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Invitro antibacterial activity of crude preparation of myrtle (Myrtus communis) on common human pathogens.
Ethiop Med J. 2008 Jan; 46(1):63-9.EM

Abstract

BACKGROUND

Myrtle "Addus" (Myrtus communis) has long history as a traditional medicine/or different infectious disease by many peoples of the world and in Ethiopia too.

OBJECTIVE

To asses the antibacterial activity of crude myrtle on some common human pathogens.

METHODS

This experimental study was conducted in Jimma University from February to April 2004. The antimicrobial activity/ minimum inhibitory and minimum bactericidal concentrations/ of the crude preparation of Myrtle on E. coli, S. aureus, P. aeruginosa, P. vulgaris, P. mirabilis, K. aerogenes, S. typhi & S. shigie was determined using agar dilution methods.

RESULTS

The Minimum Bactericidal Concentration of Myrtle for most tested microorganisms was similar to the Minimum Inhibitory Concentration. i.e. 0.5 mg/ml. for S. aureus, 2.5 mg/ml for P. mirabilis and P. vulgaris, 15 mg/ ml for Klebssiela and S. typhi, 20 mg/ml for P. aeruginosa. And the MBC of Myrtle for the two relatively least sensitive species, Shigella and E. coli was 40 mg/ml and 45 mg/ml of media, respectively. The antibacterial activity of Myrtle was markedly increased by 18 times after it has been autoclaved at 121 degrees C for 15 minutes.

CONCLUSION

The preliminary study supports its traditional claim of effective anti-infective and could initiate further study that may ultimately facilitate to use myrtle as an antimicrobial agent. However, pharmacologically standardization and clinical evaluation on the effect of myrtle is essential, before using it as antibacterial agent in vivo.

Authors

No affiliation info availableNo affiliation info availableNo affiliation info availableNo affiliation info available

Pub Type(s)

Journal Article
Research Support, Non-U.S. Gov't

Language

eng

PubMed ID

18711991

Citation

Alem, Genetu, et al. "Invitro Antibacterial Activity of Crude Preparation of Myrtle (Myrtus Communis) On Common Human Pathogens." Ethiopian Medical Journal, vol. 46, no. 1, 2008, pp. 63-9.
Alem G, Mekonnen Y, Tiruneh M, et al. Invitro antibacterial activity of crude preparation of myrtle (Myrtus communis) on common human pathogens. Ethiop Med J. 2008;46(1):63-9.
Alem, G., Mekonnen, Y., Tiruneh, M., & Mulu, A. (2008). Invitro antibacterial activity of crude preparation of myrtle (Myrtus communis) on common human pathogens. Ethiopian Medical Journal, 46(1), 63-9.
Alem G, et al. Invitro Antibacterial Activity of Crude Preparation of Myrtle (Myrtus Communis) On Common Human Pathogens. Ethiop Med J. 2008;46(1):63-9. PubMed PMID: 18711991.
* Article titles in AMA citation format should be in sentence-case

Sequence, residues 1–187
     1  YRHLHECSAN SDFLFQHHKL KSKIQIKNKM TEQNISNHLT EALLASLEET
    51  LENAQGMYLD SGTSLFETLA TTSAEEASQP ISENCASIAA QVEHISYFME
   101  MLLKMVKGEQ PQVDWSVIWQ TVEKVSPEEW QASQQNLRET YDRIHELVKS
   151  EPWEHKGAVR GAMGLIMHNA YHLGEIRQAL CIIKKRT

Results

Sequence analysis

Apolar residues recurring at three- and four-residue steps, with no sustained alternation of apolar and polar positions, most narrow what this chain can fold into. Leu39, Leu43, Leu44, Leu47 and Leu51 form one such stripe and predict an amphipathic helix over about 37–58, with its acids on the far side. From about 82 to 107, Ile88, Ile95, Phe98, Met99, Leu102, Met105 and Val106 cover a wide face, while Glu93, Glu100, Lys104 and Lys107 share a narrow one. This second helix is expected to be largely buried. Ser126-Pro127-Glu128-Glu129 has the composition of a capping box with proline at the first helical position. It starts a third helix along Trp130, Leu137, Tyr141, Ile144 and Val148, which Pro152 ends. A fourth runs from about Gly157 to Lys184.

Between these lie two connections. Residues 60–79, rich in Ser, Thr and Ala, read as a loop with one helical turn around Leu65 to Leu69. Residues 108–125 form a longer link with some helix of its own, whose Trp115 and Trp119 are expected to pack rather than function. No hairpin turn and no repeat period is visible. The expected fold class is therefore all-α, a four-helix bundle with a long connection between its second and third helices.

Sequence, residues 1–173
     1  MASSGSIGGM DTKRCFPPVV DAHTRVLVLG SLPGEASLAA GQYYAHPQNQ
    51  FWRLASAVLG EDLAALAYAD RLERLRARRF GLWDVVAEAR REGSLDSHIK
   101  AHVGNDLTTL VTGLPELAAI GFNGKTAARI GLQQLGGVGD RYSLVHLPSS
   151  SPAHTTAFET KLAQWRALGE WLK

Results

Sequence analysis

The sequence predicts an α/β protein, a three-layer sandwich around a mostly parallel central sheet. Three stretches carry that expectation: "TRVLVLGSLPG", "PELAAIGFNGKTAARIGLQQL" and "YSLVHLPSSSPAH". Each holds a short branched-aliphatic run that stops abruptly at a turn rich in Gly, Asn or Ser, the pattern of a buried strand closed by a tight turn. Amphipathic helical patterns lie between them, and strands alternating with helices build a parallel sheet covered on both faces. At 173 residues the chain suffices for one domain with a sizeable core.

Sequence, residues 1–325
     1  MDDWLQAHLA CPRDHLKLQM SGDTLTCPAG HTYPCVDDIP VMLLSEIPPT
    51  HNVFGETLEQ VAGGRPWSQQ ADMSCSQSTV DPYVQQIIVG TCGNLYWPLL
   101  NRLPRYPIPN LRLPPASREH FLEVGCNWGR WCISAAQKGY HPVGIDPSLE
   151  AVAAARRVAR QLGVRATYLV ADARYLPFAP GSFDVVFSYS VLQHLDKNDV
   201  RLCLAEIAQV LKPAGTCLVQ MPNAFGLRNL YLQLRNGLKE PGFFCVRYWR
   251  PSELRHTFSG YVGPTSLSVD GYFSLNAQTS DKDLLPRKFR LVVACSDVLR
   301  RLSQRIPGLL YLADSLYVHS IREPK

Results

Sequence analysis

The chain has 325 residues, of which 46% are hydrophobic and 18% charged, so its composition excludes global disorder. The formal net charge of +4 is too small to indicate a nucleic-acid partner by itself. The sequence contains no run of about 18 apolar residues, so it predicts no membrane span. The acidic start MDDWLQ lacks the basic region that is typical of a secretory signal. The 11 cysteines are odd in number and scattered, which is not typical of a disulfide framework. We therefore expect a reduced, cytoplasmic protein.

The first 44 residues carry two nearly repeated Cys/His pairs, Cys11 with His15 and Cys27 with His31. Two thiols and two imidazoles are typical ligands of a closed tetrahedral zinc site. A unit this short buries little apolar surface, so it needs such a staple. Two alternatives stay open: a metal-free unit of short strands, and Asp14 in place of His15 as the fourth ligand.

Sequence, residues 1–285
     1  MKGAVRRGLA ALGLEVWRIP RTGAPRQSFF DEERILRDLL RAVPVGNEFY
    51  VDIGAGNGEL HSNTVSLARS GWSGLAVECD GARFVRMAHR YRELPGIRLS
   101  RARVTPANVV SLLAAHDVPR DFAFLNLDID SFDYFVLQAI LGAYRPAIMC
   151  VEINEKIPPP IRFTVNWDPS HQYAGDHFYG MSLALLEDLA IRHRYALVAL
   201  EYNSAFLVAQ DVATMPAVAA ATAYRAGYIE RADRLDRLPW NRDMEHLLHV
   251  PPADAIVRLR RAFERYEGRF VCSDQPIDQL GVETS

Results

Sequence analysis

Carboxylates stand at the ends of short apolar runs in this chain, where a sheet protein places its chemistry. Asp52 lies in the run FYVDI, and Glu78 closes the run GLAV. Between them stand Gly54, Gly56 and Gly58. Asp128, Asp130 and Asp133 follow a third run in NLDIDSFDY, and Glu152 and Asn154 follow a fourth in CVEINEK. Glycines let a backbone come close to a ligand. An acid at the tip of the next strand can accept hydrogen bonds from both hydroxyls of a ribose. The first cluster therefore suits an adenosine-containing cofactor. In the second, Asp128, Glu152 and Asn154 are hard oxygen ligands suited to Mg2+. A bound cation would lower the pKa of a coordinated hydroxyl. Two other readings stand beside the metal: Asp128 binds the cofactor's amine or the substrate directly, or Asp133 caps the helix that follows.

TY - JOUR T1 - Invitro antibacterial activity of crude preparation of myrtle (Myrtus communis) on common human pathogens. AU - Alem,Genetu, AU - Mekonnen,Yared, AU - Tiruneh,Moges, AU - Mulu,Andargachew, PY - 2008/8/21/pubmed PY - 2008/10/10/medline PY - 2008/8/21/entrez SP - 63 EP - 9 JF - Ethiopian medical journal JO - Ethiop Med J VL - 46 IS - 1 N2 - BACKGROUND: Myrtle "Addus" (Myrtus communis) has long history as a traditional medicine/or different infectious disease by many peoples of the world and in Ethiopia too. OBJECTIVE: To asses the antibacterial activity of crude myrtle on some common human pathogens. METHODS: This experimental study was conducted in Jimma University from February to April 2004. The antimicrobial activity/ minimum inhibitory and minimum bactericidal concentrations/ of the crude preparation of Myrtle on E. coli, S. aureus, P. aeruginosa, P. vulgaris, P. mirabilis, K. aerogenes, S. typhi & S. shigie was determined using agar dilution methods. RESULTS: The Minimum Bactericidal Concentration of Myrtle for most tested microorganisms was similar to the Minimum Inhibitory Concentration. i.e. 0.5 mg/ml. for S. aureus, 2.5 mg/ml for P. mirabilis and P. vulgaris, 15 mg/ ml for Klebssiela and S. typhi, 20 mg/ml for P. aeruginosa. And the MBC of Myrtle for the two relatively least sensitive species, Shigella and E. coli was 40 mg/ml and 45 mg/ml of media, respectively. The antibacterial activity of Myrtle was markedly increased by 18 times after it has been autoclaved at 121 degrees C for 15 minutes. CONCLUSION: The preliminary study supports its traditional claim of effective anti-infective and could initiate further study that may ultimately facilitate to use myrtle as an antimicrobial agent. However, pharmacologically standardization and clinical evaluation on the effect of myrtle is essential, before using it as antibacterial agent in vivo. SN - 0014-1755 UR - https://www.unboundmedicine.com/medline/citation/18711991/Invitro_antibacterial_activity_of_crude_preparation_of_myrtle__Myrtus_communis__on_common_human_pathogens_ L2 - https://medlineplus.gov/bacterialinfections.html DB - PRIME DP - Unbound Medicine ER -